Epicor Express, or rather Epicor Manufacturing Express Edition to give its full title has been released for general availability. Express is Epicor 9 refactored for SaaS deployment using the existing Epicor 9 SOA architecture in a multi-tenant single source framework.
There is much to like about this announcement. It is coming to market with a fully baked product, customers and a service offering that should prove attractive to SMEs.
Following on from my piece about Plex Online, we are now starting to see ERP move to what many of us hope will be a more cost effective way of consuming software while providing the kind of flexibility business demands. Epicor is playing this release carefully, positioning it as a small job shop play where its larger sibling would be too expensive or over featured.
The all important pricing comes in as follows:
- $399 per month for the first user
- $129 per month for additional users
- $2,500 implementation and configuration fee excluding data migration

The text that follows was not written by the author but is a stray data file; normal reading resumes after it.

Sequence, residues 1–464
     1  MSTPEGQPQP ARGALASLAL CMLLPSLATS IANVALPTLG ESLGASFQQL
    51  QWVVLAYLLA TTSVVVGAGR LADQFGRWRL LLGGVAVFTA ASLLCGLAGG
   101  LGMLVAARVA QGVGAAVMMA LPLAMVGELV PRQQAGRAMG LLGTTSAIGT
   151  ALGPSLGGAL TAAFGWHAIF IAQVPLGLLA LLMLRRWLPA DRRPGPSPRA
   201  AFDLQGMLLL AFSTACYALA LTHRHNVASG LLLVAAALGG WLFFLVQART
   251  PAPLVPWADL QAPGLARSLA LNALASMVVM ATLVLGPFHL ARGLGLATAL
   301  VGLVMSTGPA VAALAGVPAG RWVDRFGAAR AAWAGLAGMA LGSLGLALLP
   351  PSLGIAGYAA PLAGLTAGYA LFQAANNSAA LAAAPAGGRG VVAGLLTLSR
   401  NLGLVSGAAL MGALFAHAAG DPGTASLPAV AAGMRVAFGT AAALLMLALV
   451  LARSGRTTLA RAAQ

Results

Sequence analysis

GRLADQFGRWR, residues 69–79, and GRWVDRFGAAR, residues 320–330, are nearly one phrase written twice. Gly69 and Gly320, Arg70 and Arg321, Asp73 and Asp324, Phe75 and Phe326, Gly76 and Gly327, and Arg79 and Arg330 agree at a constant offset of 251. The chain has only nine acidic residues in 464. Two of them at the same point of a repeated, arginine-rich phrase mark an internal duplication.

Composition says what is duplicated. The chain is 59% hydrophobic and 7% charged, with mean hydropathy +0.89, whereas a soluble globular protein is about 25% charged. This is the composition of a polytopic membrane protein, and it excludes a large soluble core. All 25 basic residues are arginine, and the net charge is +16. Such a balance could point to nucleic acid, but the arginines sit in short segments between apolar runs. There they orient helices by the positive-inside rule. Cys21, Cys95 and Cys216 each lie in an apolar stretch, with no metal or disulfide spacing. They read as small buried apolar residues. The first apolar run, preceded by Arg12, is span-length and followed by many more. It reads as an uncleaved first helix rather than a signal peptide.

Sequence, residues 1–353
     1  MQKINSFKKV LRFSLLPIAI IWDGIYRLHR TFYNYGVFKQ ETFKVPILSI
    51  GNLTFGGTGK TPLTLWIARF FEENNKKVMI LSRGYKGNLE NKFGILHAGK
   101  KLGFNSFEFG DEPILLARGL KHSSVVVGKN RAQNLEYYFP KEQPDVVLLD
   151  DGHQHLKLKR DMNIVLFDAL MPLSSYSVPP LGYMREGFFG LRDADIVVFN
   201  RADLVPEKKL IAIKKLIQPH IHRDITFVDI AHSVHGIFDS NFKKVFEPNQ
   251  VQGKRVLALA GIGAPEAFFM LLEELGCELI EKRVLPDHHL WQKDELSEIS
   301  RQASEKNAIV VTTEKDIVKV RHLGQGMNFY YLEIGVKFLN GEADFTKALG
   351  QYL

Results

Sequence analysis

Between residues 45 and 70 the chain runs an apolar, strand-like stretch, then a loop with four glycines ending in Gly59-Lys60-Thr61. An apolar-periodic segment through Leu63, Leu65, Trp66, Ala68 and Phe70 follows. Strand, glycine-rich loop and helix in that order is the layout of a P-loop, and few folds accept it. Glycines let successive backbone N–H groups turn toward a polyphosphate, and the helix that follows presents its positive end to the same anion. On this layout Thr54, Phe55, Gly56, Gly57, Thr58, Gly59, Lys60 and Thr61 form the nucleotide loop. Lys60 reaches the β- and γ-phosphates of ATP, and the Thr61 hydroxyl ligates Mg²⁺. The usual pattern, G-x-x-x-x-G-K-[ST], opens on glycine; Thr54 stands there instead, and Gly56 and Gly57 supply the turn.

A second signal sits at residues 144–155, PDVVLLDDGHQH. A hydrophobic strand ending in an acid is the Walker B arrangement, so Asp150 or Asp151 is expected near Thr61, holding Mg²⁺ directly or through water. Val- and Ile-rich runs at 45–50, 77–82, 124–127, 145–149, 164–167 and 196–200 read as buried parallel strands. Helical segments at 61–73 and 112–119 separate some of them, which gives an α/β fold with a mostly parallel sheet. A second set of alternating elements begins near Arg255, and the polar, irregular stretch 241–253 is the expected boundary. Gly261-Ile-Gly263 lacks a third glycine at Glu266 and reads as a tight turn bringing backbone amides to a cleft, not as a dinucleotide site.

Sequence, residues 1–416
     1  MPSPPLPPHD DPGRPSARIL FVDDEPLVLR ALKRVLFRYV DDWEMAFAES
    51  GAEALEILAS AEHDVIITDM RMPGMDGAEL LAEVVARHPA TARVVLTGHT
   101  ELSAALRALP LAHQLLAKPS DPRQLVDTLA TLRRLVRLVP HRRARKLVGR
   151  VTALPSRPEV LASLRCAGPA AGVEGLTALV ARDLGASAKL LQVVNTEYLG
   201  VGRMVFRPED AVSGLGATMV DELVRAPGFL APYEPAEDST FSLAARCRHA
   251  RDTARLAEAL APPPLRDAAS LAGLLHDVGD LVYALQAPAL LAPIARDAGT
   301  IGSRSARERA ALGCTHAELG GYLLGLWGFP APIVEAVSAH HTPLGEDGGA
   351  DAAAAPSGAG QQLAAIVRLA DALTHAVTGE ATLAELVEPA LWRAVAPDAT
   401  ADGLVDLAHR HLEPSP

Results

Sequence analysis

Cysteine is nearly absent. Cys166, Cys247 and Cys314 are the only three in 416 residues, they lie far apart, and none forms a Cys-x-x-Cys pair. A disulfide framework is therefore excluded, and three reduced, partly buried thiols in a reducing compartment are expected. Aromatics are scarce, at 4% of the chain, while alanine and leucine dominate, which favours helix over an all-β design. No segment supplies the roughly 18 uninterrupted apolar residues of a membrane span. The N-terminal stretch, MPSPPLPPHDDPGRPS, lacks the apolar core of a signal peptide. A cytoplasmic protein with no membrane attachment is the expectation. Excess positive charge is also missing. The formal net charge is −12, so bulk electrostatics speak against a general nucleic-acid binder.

- $7,500 for data migration. This is for a limited data set that allows the customer to open their new system with all the required open items and regulatory needs.
This represents clever pricing when weighed against SAP Business ByDesign. BYD comes in at $149 per user per month with a minimum user count of 25. The same comparative deployment for an Epicor system would come in at an equivalent cost of $139 per user. I would be very surprised if SAP could compete on the deployment costs but we will know more about this once SAPPHIRE gets under way. In a straight shoot out where price is the determining factor, Epicor wins. If brand association matters, then SAP wins. I'm guessing that in the short term at least, Epicor will be in the box seat.
Epicor is trying to do as much remotely as possible and is targeting go live within the 20 to 30 working day range. Given we're talking about small job shops, this is not an unreasonable goal and will be important for demonstrating early time to value. However, those timelines could become stretched if there is a complex data migration process to undertake.